Practice & Procedure
Prior to 2004, for not less than fifty years, plaintiffs were not required to give any further details on the issue of proceedings. The plaintiff was, however, obliged to give the details to the defendant before the trial. It was, (and still is), in the plaintiff’s interest to find out those details and to communicate them to the defendant. Only when the defendant knows these things can the defendant readily agree to settle the claim. Settlement is the best outcome of personal injury litigation; there are insufficient judges to adjudicate on all or most claims for personal injury.
Legal practitioners have a solution to that; plead every conceivable item of loss and, later, waive those that do not apply. Section 10 prevents this; it requires that “full” particulars be pleaded. This implies that the plaintiff cannot issue proceedings until all these losses are accrued and known, or, as mentioned, that items not pleaded cannot later be claimed.
It is very possible for an injured applicant to know nothing of the personal circumstances of a guilty respondent. Even the Injuries Board may know nothing of those circumstances; the Board will carry on correspondence with a lawyer or an insurance company acting for the respondent (who, in their turn, may also not know of the state of health of the respondent).
That will become more difficult without ready access, without quibble, to all the prosecution material, particularly the stuff the prosecutor deems not relevant or necessary to his/her case.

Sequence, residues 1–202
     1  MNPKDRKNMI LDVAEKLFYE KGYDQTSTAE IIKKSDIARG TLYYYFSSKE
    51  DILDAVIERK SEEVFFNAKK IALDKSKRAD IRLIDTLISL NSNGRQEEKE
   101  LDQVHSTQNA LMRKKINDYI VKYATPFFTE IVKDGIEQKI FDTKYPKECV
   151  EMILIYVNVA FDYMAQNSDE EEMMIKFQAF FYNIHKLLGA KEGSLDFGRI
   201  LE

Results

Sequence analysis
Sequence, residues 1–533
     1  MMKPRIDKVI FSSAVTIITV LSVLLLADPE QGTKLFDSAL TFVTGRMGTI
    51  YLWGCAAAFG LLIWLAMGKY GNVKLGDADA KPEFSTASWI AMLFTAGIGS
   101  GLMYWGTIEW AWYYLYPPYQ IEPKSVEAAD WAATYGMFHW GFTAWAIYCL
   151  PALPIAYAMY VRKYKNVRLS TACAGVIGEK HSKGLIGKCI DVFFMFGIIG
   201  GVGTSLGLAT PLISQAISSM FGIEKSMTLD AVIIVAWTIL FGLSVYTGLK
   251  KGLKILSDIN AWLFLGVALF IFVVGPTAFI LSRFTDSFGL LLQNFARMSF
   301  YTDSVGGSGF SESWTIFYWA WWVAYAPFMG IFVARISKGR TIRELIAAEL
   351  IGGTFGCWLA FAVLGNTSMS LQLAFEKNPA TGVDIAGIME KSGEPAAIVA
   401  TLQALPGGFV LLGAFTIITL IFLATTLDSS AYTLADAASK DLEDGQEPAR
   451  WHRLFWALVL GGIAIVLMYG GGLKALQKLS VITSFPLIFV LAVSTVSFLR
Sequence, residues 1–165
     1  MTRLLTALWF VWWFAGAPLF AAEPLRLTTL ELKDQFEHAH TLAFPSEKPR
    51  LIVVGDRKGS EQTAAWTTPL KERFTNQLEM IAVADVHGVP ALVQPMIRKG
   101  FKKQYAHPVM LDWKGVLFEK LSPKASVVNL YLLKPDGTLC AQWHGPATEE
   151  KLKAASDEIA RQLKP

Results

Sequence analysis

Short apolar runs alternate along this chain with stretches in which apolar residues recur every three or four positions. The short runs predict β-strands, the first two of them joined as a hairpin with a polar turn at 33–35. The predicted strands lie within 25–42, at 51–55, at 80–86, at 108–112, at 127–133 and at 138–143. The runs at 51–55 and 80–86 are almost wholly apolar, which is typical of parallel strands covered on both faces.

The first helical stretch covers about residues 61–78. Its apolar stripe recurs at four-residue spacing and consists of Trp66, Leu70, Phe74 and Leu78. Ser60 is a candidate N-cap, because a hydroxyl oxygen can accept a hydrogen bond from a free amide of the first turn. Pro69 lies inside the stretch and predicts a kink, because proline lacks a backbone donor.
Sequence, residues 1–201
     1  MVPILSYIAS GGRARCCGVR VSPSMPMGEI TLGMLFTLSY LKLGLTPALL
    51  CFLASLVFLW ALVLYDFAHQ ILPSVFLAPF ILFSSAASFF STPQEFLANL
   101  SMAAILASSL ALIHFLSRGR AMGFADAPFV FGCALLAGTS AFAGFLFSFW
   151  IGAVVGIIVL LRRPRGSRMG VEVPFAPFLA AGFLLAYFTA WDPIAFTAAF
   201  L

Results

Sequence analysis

Don’t expect expressions of regret from any participants, or admissions that the changes for which the Minister was responsible have led to this.
“It has become a growing practice for solicitors acting for parties in cases before the courts (and, I would venture to suggest, in particular, the Commercial Court) to copy correspondence to the court. Some lay litigants have adopted the same course.”
Construction may be everything; if the object of criticism thinks the criticism may lower him/her in the estimation of right-thinking members of the community he/she may sue for defamation.
Will Ireland suffer the humiliation of Irish citizens bringing a class action in London for events which happened in Ireland?
We don’t know. The reason we don’t know is that it has not been considered. The question is not one of fact; it is an issue to be decided by Irish society. Irish society has decided the issue already and that is reflected in the status quo. The status quo is this; a civil trial in Ireland is a contest and counsel for the parties will and does decide what and how much evidence should be adduced in a trial.